Control
 
Aflatoxin control strategies have been developed since the 1960s. Generally, these strategies can be divided into three groups: pre-harvest control (field management and use of biological and chemical agents), harvest management and postharvest detoxification (use of natural and chemical agents and irradiation) (Gabriel and Puleng, 2013). Moreover, based on the technique or the method applied, mycotoxin control strategies can be physical, chemical or biological.
 
Physical control
 
Physical approaches include hand sorting, washing and crushing combined with de-hulling (Marta and Bedaso, 2016).  Research found that gamma irradiation at doses from 15- 30 kilo gray resulted  in  mycotoxin  reduction  in groundnut kernels. Also, cooking and steaming for a long time under pressure reduces mycotoxin load (Ephrem, 2015).
 
Chemical control (mycotoxin detoxification)
 
Today, there are strict regulations on chemical pesticide use, and there is political pressure to remove the most hazardous chemicals from the market. However, in order to protect food quality and the environment, low persistent synthetic fungicides are still relevant at present to prevent diseases of food crops (Pal and Gardener, 2006). In recent years, the need to develop fungal disease control measures using phyto-chemicals as alternative to synthetic chemicals has become a priority of scientists worldwide. Phytochemicals are naturally occurring, non-nutritive biologically active chemical compounds of plant origin, have some protective or disease-preventive properties. Some phytochemicals are injurious to fungi and could be used to protect crops, animals, humans, food and feeds against toxigenic fungi and mycotoxin, Therefore, it is important to find a practical, cost effective and non-toxic method to prevent fungal contamination and mycotoxins load in stored farm produce. Use of natural plant extracts and bio control agents provides an opportunity to avoid chemical preservatives. A multitude of fungi toxic plant compounds (often of unreliable purity) is readily available in the fields (Toba et al., 2013).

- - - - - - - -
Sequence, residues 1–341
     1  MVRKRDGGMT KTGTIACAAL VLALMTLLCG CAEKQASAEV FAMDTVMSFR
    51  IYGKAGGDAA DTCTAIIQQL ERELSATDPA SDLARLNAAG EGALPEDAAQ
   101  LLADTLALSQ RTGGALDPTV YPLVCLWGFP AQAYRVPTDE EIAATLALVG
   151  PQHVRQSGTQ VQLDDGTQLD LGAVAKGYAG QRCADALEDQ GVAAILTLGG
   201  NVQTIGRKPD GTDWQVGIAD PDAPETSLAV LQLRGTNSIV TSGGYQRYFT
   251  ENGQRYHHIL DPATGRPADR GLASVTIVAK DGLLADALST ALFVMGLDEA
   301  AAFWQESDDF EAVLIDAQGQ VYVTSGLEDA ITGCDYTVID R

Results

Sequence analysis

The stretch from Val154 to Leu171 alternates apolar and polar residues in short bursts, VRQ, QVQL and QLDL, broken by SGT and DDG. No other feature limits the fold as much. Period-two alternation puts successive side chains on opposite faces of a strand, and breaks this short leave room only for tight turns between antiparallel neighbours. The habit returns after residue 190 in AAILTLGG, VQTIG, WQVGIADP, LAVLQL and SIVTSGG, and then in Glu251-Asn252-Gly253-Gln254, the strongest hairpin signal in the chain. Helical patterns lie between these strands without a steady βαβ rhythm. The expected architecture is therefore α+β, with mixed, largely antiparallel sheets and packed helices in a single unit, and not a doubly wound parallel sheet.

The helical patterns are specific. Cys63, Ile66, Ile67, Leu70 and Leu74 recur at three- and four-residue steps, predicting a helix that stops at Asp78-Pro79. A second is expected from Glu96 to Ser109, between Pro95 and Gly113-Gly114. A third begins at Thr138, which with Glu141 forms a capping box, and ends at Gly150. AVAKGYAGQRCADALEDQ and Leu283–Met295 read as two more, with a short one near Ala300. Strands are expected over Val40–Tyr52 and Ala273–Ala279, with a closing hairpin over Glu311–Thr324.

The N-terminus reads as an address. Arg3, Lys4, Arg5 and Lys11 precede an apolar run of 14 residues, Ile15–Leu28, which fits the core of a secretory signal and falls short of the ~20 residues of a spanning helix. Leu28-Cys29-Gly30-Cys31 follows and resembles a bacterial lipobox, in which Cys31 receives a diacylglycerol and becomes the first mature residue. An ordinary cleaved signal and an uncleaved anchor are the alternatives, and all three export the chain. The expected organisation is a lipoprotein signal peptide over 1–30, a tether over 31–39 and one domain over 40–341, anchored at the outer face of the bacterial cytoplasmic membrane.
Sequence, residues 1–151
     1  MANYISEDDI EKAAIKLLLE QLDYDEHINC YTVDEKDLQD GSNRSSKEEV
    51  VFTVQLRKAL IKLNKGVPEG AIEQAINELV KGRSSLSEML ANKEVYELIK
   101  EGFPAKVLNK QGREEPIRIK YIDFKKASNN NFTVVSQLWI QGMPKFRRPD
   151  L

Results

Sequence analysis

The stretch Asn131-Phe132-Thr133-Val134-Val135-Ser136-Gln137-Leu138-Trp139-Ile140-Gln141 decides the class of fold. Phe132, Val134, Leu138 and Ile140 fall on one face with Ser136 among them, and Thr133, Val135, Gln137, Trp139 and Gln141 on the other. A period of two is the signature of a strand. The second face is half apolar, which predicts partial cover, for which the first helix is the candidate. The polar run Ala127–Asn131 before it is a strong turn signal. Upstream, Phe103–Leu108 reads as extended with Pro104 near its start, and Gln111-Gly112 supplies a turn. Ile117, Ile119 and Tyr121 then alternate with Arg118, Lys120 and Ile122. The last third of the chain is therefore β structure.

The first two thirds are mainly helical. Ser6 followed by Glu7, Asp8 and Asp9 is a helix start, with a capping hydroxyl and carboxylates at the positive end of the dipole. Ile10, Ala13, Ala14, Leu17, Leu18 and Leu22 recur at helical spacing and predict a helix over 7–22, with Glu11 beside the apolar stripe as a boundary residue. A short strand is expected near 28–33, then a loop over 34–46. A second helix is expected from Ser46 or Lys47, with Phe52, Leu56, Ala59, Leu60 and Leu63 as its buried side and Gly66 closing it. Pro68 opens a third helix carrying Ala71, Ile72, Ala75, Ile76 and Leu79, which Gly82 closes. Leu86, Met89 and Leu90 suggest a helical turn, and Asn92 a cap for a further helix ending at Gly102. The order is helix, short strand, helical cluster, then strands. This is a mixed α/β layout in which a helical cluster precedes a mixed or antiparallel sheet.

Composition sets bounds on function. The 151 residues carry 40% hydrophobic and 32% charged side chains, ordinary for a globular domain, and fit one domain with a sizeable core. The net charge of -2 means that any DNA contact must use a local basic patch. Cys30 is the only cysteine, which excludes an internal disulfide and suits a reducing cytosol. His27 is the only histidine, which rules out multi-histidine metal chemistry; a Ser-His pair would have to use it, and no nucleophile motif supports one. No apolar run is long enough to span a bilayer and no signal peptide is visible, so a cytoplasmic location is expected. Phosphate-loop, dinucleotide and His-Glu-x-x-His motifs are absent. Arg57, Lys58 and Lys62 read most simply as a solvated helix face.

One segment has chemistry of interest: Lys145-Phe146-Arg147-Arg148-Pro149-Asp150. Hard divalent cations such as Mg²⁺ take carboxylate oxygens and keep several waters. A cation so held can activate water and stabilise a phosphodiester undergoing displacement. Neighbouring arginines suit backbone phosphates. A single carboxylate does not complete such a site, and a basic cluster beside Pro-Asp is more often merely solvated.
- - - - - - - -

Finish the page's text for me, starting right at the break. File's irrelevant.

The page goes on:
Biological control
 
Biological control has been an emergent alternative to efficiently manage mycotoxins production and hence, reducing the use of chemical compounds. Toxigenic fungi are either true pathogens as fusarium species or secondary pathogens or saprophytes and effective secondary colonizers as Aspergillus and Penicillium species. The use of biocontrol agents for toxigenic fungi control has focused on the efficacy in terms of control of germination/growth/colonization by the fungi to raw or processed food commodities and reduction in the production of the associated mycotoxin by often targeting the biosynthetic genes involved in toxin bio-synthesis (Medina et al., 2017).
 
Microbial strategies
 
Nowadays, research proved and more focus has been given to microbial control of mycotoxins. As it have been reported by Guan et al. (2011), it is possible to control aflatoxin B1 by AFB1 binding with probiotics/dairy strains of lactic acid bacteria such as Lactobacillus, Lactococcus, Bifzdobacterium  sp.   and  Propionibacterium  and  yeast strains (Saccharomyces cerevisiae) (Tsitsigiannis et al., 2012).